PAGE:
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I'm on OS X 10.5.5 (though it does not matter much I guess)

I have a set of text files with fancy characters like double backquotes, ellipsises ("...") in one character etc.

I need to convert these files to good old plain 7-bit ASCII, preferably without losing character meaning (that is, convert those ellipses to three periods, backquotes to usual "s etc.).

Please advise some smart command-line (bash) tool/script to do that.

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up vote 2 down vote accepted

The Elinks web browser will convert Unicode entities to their ASCII equivalents, giving things like "--" for "—" and "..." for "…", etc. There is a python module python-elinks which uses the same conversion table, and it would be trivial to turn it into a shell filter, like this:

#!/usr/bin/env python
import elinks
import sys
for line in sys.stdin:
    line = line.decode('utf-8')
    sys.stdout.write(line.encode('ASCII', 'elinks'))
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iconv should do it, as far as I know. Not 100% certain about how it handles conversions where one input character should/could become several output characters, such as with the ellipsis example ... Something to try!

Update: I did try it, and it seems it doesn't work. It fails, possibly since it doesn't know how to express ellipsis (the test character I used) in a "smaller" encoding. Converting from UTF-8 to UTF-16 went fine. :/ Still, iconv might be worth investigating further.

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I have not found the proper set of options to force iconv to do it. Can you suggest one? – Alexander Gladysh Oct 17 '08 at 16:32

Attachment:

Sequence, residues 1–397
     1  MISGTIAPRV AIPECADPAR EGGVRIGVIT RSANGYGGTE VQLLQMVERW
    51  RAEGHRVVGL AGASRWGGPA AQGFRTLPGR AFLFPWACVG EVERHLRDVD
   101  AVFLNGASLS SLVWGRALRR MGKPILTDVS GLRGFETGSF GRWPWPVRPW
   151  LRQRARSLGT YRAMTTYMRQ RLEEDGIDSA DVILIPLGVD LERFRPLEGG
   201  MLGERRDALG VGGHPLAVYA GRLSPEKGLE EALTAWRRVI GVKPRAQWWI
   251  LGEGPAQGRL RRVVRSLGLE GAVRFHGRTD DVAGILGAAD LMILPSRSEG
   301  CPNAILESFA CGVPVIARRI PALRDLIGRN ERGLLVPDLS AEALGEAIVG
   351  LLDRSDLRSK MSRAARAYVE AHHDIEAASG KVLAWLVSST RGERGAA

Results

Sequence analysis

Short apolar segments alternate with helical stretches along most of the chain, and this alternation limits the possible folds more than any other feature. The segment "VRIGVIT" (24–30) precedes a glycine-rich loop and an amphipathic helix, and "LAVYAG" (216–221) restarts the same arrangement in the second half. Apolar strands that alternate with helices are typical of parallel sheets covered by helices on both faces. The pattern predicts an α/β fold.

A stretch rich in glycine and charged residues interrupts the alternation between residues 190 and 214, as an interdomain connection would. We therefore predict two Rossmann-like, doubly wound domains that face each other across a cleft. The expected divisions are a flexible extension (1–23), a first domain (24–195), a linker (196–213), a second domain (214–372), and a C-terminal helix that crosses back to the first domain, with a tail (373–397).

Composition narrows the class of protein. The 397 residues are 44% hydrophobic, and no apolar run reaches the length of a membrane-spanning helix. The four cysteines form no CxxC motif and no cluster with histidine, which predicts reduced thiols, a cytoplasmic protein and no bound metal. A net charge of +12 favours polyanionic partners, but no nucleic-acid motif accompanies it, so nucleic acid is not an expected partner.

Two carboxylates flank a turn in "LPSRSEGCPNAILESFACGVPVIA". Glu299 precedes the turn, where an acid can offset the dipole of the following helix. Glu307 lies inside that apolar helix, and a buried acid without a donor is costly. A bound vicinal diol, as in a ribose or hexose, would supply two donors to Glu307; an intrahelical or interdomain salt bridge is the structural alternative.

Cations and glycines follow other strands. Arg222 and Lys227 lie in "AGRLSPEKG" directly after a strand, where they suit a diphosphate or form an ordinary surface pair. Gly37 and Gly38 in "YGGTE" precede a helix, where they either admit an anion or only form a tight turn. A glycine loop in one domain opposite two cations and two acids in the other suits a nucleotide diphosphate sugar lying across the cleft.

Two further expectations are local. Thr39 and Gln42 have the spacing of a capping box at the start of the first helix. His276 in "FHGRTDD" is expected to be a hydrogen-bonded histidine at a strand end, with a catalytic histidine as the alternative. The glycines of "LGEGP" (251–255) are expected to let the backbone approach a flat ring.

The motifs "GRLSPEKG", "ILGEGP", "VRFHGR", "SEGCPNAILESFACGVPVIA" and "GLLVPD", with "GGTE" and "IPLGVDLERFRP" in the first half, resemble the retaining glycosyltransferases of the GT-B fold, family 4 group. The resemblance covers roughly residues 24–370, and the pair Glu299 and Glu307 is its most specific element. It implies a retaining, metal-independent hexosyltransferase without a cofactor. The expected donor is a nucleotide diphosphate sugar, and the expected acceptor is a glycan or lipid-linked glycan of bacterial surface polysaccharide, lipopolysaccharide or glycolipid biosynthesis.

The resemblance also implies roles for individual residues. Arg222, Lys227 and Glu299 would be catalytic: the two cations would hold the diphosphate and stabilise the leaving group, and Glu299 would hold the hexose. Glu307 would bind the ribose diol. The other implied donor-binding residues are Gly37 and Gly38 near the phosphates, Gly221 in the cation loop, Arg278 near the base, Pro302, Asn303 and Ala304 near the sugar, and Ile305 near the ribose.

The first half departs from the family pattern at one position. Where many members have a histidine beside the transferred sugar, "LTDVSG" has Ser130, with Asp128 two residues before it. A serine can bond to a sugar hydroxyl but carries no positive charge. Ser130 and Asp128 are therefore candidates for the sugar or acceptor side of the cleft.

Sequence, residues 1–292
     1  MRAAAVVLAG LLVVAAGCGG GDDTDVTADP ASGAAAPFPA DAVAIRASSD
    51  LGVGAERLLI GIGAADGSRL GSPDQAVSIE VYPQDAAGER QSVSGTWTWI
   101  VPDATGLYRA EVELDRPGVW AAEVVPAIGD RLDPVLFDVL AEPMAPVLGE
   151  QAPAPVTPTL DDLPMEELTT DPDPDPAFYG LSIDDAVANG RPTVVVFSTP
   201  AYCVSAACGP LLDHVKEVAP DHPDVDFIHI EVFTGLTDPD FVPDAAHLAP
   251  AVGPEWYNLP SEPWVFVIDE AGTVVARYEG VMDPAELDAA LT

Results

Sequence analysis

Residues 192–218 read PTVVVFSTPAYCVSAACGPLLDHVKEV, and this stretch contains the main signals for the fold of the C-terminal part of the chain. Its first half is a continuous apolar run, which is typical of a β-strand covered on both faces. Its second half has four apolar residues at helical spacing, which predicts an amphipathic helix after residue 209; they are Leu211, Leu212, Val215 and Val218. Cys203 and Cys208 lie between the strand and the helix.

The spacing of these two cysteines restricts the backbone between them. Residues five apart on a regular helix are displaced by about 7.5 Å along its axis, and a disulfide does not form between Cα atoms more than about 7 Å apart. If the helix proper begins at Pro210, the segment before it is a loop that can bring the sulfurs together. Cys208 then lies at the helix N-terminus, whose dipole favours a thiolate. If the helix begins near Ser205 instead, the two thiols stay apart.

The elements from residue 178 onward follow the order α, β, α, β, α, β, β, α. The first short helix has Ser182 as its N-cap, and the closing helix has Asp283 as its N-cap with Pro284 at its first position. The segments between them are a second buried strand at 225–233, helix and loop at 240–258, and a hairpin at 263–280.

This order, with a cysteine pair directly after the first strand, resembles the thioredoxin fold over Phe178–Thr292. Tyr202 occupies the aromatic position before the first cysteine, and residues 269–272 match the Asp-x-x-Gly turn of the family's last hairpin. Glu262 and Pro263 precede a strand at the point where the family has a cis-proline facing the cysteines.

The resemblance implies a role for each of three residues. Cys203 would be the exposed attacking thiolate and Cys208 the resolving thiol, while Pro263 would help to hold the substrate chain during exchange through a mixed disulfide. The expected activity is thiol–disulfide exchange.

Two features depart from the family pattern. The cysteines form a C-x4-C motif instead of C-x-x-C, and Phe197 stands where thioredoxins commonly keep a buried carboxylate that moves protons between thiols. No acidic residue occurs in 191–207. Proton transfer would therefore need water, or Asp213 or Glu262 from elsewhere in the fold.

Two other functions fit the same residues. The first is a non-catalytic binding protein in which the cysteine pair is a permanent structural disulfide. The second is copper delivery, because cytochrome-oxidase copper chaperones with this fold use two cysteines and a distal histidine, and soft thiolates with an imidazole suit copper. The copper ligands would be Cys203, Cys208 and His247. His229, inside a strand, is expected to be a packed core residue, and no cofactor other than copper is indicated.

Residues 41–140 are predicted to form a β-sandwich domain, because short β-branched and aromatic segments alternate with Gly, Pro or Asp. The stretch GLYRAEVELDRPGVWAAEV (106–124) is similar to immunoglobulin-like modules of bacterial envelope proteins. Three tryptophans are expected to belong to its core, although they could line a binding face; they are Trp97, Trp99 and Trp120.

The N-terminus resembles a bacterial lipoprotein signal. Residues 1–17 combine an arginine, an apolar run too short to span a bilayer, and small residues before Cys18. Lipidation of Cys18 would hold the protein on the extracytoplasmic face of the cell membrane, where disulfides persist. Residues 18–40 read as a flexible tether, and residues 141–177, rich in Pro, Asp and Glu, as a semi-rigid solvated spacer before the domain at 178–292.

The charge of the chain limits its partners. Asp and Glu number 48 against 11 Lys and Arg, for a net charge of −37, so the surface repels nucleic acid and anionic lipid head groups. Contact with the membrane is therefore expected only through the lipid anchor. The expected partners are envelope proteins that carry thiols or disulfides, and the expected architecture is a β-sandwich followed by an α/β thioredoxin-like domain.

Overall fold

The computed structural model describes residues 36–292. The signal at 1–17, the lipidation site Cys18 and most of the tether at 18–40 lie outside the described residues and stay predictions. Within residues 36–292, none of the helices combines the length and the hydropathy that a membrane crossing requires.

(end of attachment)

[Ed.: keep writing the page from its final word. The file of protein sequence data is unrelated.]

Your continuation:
Have a look at transliteration tools; I like Unidecode (in Perl), and it's not too hard to port to other languages.

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I have used iconv to convert a file from UTF-16LE (little-endian as I found out by trial and error) that was created by TextPad in Windows into ASCII on OSX like this:

 cat utf16file.txt |iconv -f UTF-16LE -t ASCII > asciifile.txt

You can pipe through hexdump as well to view the characters and make sure you're getting the right output, the terminal knows how to interpret UTF-16 and displays it properly so you can't tell just but doing 'cat' on the file:

cat utf16file.txt | iconv -f UTF-16LE -t ASCII | hexdump -C

This shows the layout with the hex char codes and the ASCII characters to the right-hand side, and you can try different encodings in the -f "from" parameter to figure out what you're dealing with.

Use 'iconv -l' to list the character sets iconv can use on your system.

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This works, but you are going to need to add --unicode-subst=### if you have any high order characters. – Benjamin Jul 12 '13 at 18:45

There was a question yesterday or the day before about file renaming, and I showed a Perl script that would be usable for the task. The problem area is knowing how the odd characters are encoded, and devising the correct sequence of transliterations. I'd probably do it with an adaptation of that script that did all the mappings sequentially. Doing it one character at a time would be unduly fiddly.

Question was: How to rename with prefix/suffix

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python3 version:

#!/usr/bin/env python3
import sys
import elinks
for line in sys.stdin:
    sys.stdout.write(line.encode('ASCII', 'elinks').decode('utf-8'))

It's worth mentioning that python-elinks is pure python; no real installation required.

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